Conflict is inherent to the structure of GP-led transactions: the leading managers participate in the new transaction while navigating obligations to existing LPs.
Transparency is the key to minimising the risks posed by those conflicts, said Igor Rozenblit, managing partner of regulatory consultant Iron Road and former co-head of the private funds unit at the US Securities and Exchange Commission.
Rozenblit recently spoke with Secondaries Investor about where he sees regulatory risk in the technical aspects of these restructuring transactions. It boils down to two areas: how the auction is run and how the price is determined.
Most managers, though not all, hire an intermediary to run an auction process. That process itself bears explaining to existing investors. “Particularly important is to be transparent with the selling LP about whether or not you only pursued a GP-led track, or whether you pursued a more whole secondary transaction when you went out to market with your piece,” Rozenblit said.
Fadi Samman, a partner who specialises in fund formation and secondaries transactions for Akin Gump Strauss Hauer & Feld, said running a fair process typically means “hiring an intermediary to run an auction and to solicit multiple bids to get a market-driven price. Oftentimes, GPs will also get a fairness opinion or an appraisal or other third-party view on the assets to help substantiate that price discovery.”
Rozenblit said transparency around how that price is determined is also paramount, “but more than that, it’s about any material fact about the portfolio that might not be readily apparent from just looking at the valuations.” Material facts include losing or gaining LPs, whether there’s an unsolicited offer, whether the manager plans to go out into the market, and if one big asset in the portfolio already has an indicative price. “That all is disclosable information,” he said.
To manage expectations, managers are increasingly adding language to LP agreements to make it clear they may undertake GP-led processes. The addition of such language has increased over the past two years and now appears in about half of agreements, Samman said.
No more status quo?
Whether existing LPs can roll at status-quo terms or must participate in new terms alongside new investors is not an area of regulatory risk, but rather an economic function of the market, according to Rozenblit.
Three or four years ago, the so-called status quo option was a “fundamental piece of structuring a fair process, giving LPs the option to roll on a status quo basis”, Samman said. “And by that we meant fees are the same, carry is the same. The only thing that really changes is an extension of the term.
“That view seems to have shifted, and increasingly we are seeing far fewer status-quo roll options in these transactions. They have not been eliminated, but we are seeing more and more deals without a true status quo option offered.”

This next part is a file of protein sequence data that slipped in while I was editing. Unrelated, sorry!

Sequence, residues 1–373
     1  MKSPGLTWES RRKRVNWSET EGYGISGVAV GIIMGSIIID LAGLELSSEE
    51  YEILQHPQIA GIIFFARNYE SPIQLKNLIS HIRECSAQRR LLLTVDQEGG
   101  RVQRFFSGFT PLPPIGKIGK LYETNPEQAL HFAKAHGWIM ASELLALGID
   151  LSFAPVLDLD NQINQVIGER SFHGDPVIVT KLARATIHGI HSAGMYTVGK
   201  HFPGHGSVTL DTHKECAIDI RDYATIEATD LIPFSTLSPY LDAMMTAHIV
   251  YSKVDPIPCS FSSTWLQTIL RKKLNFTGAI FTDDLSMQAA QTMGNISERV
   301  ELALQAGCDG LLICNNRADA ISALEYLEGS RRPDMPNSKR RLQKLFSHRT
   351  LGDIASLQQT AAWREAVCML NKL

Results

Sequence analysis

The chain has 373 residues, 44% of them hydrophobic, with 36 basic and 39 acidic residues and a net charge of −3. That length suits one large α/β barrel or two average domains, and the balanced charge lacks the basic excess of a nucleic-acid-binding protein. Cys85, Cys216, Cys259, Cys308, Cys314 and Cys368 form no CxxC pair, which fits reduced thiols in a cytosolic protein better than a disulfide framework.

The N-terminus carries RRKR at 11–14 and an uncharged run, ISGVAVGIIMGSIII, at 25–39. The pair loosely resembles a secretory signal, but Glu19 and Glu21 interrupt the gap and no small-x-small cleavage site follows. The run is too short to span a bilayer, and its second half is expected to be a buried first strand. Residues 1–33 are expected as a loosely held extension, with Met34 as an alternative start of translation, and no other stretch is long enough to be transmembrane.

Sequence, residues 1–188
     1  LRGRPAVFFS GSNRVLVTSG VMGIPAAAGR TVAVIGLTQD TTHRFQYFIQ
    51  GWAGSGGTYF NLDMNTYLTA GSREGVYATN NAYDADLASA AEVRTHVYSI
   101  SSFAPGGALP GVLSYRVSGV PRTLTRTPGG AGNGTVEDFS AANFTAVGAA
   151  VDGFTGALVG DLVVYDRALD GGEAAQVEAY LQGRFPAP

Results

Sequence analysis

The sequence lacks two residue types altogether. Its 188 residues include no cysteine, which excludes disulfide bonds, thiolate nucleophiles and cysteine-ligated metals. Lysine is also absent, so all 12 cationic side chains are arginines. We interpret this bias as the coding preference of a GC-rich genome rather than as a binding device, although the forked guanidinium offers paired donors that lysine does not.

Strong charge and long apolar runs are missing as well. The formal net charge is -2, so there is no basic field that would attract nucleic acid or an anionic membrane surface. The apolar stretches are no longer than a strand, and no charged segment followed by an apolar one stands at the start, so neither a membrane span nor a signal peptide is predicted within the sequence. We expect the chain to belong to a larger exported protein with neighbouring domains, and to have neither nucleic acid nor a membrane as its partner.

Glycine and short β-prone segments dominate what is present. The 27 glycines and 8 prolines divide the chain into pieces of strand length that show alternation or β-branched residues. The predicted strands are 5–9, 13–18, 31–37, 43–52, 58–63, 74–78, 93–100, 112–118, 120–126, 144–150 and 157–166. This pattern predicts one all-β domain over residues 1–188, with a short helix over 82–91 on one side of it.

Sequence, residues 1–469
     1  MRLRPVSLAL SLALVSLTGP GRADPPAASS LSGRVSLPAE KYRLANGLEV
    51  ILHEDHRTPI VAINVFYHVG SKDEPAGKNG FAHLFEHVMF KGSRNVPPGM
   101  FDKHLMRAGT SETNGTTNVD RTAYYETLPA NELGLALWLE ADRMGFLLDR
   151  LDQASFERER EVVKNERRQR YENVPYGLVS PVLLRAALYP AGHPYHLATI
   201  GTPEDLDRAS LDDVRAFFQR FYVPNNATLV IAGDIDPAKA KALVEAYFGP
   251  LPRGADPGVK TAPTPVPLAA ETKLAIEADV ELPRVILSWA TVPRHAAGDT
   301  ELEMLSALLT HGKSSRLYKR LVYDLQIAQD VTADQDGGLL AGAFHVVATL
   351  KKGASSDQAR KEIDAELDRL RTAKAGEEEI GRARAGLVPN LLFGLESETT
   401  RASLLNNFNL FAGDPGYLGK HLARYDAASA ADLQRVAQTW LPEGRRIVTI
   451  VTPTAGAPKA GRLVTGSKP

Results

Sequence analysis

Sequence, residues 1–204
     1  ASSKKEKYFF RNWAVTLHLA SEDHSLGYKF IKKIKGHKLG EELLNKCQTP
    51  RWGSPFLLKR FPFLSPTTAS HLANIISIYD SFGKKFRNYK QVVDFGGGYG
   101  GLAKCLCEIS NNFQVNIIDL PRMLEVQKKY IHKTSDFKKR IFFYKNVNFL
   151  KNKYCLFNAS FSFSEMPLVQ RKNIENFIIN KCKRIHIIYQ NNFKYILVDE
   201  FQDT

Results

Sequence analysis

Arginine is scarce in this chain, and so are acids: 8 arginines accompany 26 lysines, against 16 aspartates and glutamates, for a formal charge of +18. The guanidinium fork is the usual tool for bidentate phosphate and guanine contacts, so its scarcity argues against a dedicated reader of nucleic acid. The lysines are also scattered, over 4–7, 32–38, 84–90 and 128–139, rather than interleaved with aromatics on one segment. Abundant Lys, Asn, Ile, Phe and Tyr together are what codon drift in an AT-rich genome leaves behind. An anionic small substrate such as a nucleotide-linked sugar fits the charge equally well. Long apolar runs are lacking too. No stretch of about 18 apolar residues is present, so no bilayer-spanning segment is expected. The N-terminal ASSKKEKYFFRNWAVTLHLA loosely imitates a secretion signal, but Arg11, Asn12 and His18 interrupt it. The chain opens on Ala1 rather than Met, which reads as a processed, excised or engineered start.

Selling LPs have a little bit less information than the buying GPs. If they find they’re stuck because they get dragged along in the transaction due to the way the fund was structured, then that’s probably fine because they agreed to that structure before they invested, Rozenblit said.
Thus far, the SEC has handed down just one action with regards to a GP restructuring transaction. That 2018 action was against Veronis Suhler Stevenson over a 2015 deal involving the lower-mid-market private equity firm’s 1998-vintage fund. It centred around a failure to disclose material information to LPs.
While the SEC’s regulatory focus pre-empted the preponderance of GP-led transactions that came to define the covid markets, the increased usage will only inspire more scrutiny, not less, Samman said.
Total secondaries market volume in 2020 was estimated at around $60 billion, with GP-led deals comprising 53 percent, a majority for the first time, according to Evercore’s 2020 full-year volume report.
“We don’t quite know, but my instinct says there will be enforcement actions,” Samman said. “We have seen this happen in frothy markets before.”
Such enforcement, if it happened, would not dramatically alter the landscape of GP-led transactions, according to Samman.
Rozenblit agrees. His expectations around regulation have evolved since 2015, when he said the SEC was scrutinising GP-leds to ensure limited partners were not being offered two bad options.
“I think what’s true for every enforcement action is that it’s very idiosyncratic, and because of that it’s really difficult to draw huge sweeping conclusions about markets based on any particular enforcement action,” he said.
In the meantime, “as long as it’s clear [how the process was run and how the price was determined], that’s how risk can be managed”, he added.